Tax Prior to the Health Care Act. Prior to the 2010 Health Care Act, wages were subject to FICA at the rate of 6.2% on the employer and 6.2% on the employee (although the employee rate was reduced to 4.2% in 2011 and 2012) up to a threshold amount of wages ($110,100 in 2012). The Medicare tax was imposed at the rate of 1.45% on both the employer and the employee with all wages being subject to Medicare. For those with net earnings from self-employment (
NESE), self-employment tax was imposed at the rate of 12.4% (reduced to 10.4% in 2011 and 2012) up to the annual threshold and 2.9% on all net earnings from self-employment tax with no threshold.
2010 Act – Impact on Medicare Tax January 1, 2013. The 2010 Health Care Act increased the Medicare portion of the self-employment tax by .9% (to 3.8%) on earnings (wages or net earnings from self-employment) in excess of $250,000 for taxpayers filing jointly and $200,000 for other taxpayers for tax years beginning after December 31, 2012. The Act also subjects investment income to the Medicare tax. This is the first time in history that investment income has been subject to the Medicare tax. As of January 1, 2013, the 3.8% Medicare tax is imposed on investment income to the extent that modified adjusted gross income exceeds $250,000/$200,000. For example, if modified adjusted gross income is $270,000 and investment income is $40,000 of that total, then $20,000 of the investment income will be subject to the Medicare tax.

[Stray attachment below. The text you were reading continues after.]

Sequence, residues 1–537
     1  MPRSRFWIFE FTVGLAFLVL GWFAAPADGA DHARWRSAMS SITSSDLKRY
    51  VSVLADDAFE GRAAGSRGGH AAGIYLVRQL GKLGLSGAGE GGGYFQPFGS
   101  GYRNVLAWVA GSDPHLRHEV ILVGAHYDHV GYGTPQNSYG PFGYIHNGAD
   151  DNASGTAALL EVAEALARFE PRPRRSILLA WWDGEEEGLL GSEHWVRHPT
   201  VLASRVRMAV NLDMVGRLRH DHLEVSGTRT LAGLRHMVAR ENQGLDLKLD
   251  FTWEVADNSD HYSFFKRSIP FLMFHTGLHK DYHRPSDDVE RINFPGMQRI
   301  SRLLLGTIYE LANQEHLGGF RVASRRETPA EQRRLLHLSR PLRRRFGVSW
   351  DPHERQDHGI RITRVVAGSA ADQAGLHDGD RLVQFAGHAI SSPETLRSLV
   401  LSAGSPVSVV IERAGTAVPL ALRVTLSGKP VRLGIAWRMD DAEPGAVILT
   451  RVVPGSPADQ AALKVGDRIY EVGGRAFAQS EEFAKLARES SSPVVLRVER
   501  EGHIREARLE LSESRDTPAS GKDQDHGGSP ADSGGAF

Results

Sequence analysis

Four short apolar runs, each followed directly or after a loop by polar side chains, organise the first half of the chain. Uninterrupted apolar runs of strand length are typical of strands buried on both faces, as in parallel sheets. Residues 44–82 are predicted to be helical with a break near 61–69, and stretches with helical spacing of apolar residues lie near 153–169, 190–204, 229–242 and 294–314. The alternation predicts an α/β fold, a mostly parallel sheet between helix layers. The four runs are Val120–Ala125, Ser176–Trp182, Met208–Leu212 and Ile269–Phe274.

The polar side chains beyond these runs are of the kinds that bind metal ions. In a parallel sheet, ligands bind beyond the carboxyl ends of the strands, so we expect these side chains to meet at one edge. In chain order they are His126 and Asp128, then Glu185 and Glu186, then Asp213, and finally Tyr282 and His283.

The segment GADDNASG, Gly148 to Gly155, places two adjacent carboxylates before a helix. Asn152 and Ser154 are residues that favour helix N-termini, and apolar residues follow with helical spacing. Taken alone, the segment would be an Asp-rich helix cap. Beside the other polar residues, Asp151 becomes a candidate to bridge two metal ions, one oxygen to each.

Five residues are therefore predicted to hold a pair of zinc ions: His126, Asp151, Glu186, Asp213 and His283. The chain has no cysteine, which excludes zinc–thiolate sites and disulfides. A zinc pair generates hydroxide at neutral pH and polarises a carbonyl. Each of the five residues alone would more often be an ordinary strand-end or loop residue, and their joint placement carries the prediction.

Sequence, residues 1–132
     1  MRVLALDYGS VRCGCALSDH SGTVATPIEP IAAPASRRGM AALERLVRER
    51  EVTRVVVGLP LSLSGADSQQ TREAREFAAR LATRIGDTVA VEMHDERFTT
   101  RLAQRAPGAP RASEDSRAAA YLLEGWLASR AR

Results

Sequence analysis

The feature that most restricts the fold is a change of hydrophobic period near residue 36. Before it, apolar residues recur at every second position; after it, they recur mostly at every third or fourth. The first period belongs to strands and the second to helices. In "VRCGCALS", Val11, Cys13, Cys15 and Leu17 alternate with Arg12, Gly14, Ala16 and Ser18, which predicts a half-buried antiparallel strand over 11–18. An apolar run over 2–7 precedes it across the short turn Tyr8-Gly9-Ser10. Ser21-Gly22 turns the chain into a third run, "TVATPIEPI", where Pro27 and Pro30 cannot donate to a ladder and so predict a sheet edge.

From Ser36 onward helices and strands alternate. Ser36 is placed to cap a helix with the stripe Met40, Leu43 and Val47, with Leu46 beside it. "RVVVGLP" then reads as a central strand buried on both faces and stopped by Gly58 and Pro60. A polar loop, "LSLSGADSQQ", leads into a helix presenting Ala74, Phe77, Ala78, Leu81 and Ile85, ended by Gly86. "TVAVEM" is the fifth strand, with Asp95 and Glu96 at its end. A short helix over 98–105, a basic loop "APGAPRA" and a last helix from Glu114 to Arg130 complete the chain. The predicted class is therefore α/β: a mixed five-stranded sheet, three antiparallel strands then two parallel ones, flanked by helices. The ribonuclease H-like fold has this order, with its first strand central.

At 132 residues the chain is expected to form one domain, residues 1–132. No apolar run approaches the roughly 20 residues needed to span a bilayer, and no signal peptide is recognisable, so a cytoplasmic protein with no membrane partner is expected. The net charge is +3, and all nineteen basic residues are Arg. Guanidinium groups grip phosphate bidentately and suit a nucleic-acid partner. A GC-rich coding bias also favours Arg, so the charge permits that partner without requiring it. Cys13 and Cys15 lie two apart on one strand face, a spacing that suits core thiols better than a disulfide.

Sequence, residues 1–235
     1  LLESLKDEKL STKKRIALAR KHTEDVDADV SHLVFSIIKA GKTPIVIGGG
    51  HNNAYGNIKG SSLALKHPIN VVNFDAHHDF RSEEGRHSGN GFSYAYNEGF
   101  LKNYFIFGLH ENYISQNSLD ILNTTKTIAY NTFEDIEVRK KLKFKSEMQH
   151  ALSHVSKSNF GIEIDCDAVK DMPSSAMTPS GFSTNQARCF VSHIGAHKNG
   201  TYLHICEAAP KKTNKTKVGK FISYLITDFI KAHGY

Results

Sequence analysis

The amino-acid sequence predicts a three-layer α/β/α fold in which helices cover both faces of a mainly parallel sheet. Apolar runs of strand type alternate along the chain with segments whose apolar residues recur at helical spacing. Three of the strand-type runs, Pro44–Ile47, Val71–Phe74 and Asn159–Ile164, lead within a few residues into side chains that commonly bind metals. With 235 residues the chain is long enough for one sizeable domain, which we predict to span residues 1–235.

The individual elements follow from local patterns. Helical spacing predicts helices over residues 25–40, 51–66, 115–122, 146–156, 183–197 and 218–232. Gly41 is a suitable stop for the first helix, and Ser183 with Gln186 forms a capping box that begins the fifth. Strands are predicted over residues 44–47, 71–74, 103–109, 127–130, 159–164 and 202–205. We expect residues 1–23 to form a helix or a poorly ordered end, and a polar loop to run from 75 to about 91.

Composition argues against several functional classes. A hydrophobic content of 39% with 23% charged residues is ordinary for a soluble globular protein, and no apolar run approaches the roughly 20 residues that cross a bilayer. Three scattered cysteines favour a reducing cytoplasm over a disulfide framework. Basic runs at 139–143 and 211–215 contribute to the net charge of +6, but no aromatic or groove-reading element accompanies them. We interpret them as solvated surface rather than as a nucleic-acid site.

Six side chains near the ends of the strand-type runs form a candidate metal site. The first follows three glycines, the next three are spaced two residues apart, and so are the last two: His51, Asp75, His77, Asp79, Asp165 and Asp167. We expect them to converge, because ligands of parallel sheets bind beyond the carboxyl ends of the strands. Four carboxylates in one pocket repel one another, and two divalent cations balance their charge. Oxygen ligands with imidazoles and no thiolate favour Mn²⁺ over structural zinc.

Net Investment Income (
NII). NII includes interest, dividends, royalties, and rents other than those derived in the ordinary course of a trade or business that is not a passive activity and does not constitute trading in financial instruments or commodities. NII also includes any net gain attributable to the disposition of property other than that held in a trade or business in which the taxpayer materially participates. Items of interest, dividends, annuities, royalties, rents, and gains, which pass through a partnership, LLC, or S corporation to its owners will retain the character of investment income and be subject to the Medicare tax.
Sole Proprietorships. Business income of sole proprietors and owners of single member LLC’s who
materially participate in the business should be excluded from the definition of NII. Net gains from the sale of business assets for such owners should also be excluded. If an owner does not materially participate, income and net gains from sales of assets will be included and be subject to the tax. In addition, even if the income is not included in NII, to the extent the sole proprietor’s income exceeds $200,000/$250,000, the sole proprietor will be subject to the Medicare surtax on self employment income.
Estates and Trusts. For estates and trusts, the new Medicare tax applies to undistributed NII of the estate or tax that is subject to the highest tax bracket (income in excess of $11,350 in 2011). As a result, distribution planning will become even more significant in 2013.